• A guaranteed four-week vacation for employees with five years or more, and
    a guarantee of three weeks to all with more than one year.

  • A defined pension plan for all employees. Half the workforce are now in

  • Unemployment compensation at one-half of salary, and two-thirds if it's
    not "business necessity."

  • Labor courts for all, yes, all, even white male discharges (is that the
    right way to put it?).

  • Full fringe benefits for part-timers and contract workers, to discourage
    the move to contingent work.

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Better yet, take over the Democratic Party. There's no "there" there.
If we can't take over the Democratic Party, there's no point in starting a third

Such a takeover may be a ten-year project. But do it like the Christian Right.
Don't back "prolabor" candidates, run union people instead. They don't
have to hold every office, as the Christian Right learned from Lenin or maybe
the Mafia, but just be there at every level, at some key spot.

In Europe it makes sense to disentangle labor from the left or left-center
party. But in Europe labor has a much stronger presence and center-left parties
are serious about brokering social contracts. Here, for years to come, there is
nothing to broker, because a labor movement scarcely exists and the Dems are so
defensive. In effect, in the U.S. now, it might as well be 1880. When we get two
sides to the table again, then, then, we can talk about disentangling Labor and
the Democratic Party again.

5. Form caucuses that cut across unions.

There is talk about turning Labor into an AARP. They say, "Since we can't
raise wages, let's just offer `services.'" Unions already offer Visa cards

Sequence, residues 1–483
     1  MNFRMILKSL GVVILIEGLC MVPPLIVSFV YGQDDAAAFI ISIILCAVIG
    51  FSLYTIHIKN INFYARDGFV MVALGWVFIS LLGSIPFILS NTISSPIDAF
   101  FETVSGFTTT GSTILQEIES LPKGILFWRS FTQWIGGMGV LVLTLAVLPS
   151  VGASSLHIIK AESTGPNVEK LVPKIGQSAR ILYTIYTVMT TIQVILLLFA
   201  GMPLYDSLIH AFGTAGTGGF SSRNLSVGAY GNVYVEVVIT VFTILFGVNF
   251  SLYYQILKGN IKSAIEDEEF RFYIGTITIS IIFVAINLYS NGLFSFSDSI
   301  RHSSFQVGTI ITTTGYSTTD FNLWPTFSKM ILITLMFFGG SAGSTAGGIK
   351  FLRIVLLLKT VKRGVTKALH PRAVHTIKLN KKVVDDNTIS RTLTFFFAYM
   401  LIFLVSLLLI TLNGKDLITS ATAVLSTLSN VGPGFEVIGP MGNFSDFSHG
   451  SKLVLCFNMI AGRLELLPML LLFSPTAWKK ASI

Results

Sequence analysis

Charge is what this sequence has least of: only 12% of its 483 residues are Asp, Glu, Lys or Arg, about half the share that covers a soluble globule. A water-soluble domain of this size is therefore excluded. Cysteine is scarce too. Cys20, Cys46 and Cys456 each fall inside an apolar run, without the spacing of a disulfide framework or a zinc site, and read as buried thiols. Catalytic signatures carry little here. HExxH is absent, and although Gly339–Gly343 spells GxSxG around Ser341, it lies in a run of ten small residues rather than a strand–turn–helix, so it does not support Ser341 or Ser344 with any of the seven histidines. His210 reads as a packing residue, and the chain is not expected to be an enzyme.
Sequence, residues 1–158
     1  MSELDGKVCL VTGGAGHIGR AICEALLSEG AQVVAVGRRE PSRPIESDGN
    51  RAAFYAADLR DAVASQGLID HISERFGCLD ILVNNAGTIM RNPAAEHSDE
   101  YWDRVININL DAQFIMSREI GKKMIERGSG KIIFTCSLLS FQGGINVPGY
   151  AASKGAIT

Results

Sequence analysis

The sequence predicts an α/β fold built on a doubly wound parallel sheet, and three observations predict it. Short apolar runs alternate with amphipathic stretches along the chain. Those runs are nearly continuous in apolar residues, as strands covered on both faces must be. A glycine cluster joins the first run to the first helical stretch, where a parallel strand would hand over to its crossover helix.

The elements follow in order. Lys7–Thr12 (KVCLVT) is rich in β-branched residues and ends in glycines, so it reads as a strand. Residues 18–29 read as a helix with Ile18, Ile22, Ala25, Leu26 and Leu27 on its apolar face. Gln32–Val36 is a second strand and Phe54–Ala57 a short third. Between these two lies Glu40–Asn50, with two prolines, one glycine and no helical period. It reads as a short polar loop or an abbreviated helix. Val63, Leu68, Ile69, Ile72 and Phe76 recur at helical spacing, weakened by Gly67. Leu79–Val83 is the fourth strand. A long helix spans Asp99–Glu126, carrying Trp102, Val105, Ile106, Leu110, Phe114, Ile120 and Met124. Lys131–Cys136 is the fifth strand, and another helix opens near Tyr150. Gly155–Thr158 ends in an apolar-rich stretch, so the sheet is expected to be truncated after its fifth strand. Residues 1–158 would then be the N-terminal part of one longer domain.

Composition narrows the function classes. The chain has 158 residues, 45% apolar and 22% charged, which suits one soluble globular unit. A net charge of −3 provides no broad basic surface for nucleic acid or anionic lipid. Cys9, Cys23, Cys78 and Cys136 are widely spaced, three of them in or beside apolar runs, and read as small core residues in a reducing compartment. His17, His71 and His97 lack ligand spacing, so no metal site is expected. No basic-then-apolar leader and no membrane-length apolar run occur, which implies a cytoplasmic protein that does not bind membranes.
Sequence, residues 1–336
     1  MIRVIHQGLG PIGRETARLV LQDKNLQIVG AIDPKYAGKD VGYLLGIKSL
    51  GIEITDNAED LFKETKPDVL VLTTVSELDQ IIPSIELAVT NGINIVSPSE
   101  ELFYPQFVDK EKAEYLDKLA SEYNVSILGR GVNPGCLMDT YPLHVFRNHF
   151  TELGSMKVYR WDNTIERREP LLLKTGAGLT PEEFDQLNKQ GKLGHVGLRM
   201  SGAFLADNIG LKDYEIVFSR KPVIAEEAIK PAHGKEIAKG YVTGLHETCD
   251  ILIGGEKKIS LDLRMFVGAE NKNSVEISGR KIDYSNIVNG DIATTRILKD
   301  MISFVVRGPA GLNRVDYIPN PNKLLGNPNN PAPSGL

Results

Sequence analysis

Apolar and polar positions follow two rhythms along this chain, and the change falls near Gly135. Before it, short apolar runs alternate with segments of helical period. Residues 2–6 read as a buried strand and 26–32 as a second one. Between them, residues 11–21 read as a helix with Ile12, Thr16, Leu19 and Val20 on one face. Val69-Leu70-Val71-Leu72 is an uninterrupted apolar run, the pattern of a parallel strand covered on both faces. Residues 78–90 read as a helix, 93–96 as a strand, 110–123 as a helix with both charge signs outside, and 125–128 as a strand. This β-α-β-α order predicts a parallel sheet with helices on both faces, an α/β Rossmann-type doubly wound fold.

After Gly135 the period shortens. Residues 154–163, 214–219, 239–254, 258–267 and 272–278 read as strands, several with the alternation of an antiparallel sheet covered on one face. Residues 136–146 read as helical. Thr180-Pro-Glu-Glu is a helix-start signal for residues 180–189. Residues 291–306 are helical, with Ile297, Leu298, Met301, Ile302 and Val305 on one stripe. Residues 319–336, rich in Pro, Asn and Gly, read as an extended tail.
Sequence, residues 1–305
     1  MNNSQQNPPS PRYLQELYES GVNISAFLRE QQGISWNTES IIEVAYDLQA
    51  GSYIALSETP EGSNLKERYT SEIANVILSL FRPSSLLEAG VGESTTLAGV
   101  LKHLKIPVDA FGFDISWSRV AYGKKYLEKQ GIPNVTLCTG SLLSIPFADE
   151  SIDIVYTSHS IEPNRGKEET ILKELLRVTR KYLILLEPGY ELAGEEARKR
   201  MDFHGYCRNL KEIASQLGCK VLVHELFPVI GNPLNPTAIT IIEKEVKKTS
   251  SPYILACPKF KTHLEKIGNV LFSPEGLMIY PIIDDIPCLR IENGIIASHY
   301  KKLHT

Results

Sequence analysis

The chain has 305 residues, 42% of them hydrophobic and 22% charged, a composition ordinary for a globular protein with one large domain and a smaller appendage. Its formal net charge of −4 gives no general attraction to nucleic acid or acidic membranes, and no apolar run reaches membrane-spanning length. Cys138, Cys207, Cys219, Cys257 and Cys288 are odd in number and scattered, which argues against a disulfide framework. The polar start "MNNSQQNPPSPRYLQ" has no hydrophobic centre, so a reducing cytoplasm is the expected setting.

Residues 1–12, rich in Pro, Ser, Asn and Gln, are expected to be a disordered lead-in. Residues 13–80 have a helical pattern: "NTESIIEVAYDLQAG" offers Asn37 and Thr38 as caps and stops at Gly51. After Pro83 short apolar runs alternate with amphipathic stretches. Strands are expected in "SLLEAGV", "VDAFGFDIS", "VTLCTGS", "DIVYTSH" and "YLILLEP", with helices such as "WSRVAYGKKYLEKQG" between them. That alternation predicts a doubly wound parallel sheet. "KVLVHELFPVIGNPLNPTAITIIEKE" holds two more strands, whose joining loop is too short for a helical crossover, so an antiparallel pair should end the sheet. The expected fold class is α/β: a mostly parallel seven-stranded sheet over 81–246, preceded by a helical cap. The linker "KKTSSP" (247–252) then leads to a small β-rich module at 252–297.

and the like. Now this is crazy. If Labor can't raise wages, what's the point?
Raising wages is exactly what labor does in other countries, like northern
Europe. All German labor does, really, is to raise wages. Many of the "services"
that we provide through unions, grievance handling, etc., are done by the works
councils there. Anyway, the First Service is just to raise people's wages.

But within Labor, for your own members, there can be more "services"
to offer:

  • Represent more people in pension grievances.

  • Why not be their ombudsman with the HMOs?

  • Start more "caucuses," with newsletters, 800 numbers, etc., that
    cut across old union lines.

For instance, what about a "Single Working Mothers' Caucus"? But I
would offer these services only to union members. Maybe use them as bait to
bring more people in, so you can raise more people's wages. An AARP-like
organization such as the group Working Today, is a fine idea for the nonunion
majority. It might even warm up more people to collective action. But this is
work from which Labor should stay away.

4. Use direct democracy for more black (and Hispanic and female) leaders.

But don't ruin this with affirmative action. Unions already have many
women and minorities. Just let more members vote directly for their top leaders,
and it will produce more integrated leadership. If there were more rank-and-file
elections, you'd have more stump speakers at the head of unions, and some would
be African American, and Hispanic, and female. Soon, we'd have black (female,
Hispanic) union leaders who can go on TV, or lead a march, or both.

It makes me cringe to see people, lamblike, go to the polls with no one, as in
the old New Deal days, to articulate what their real interests are. Even the
rich have their lawyers, right? The cynical majority need more people "like
us" or who look "like us" just to tell them how to vote.

The great thing about Rich Trumka (Mineworkers) and Ron Carey (Teamsters) who
led the break with Lane Kirkland is that each man had his own authentic base.
Each was elected by the rank and file.

You need someone who can lead, really lead, a Million Worker March for a $7.00
minimum wage.

3. Organize! And pull in the kids.

Of course, you've already done this as well as anyone in the labor
movement. You're the master. Maybe as wages fall the AFL-CIO may be this new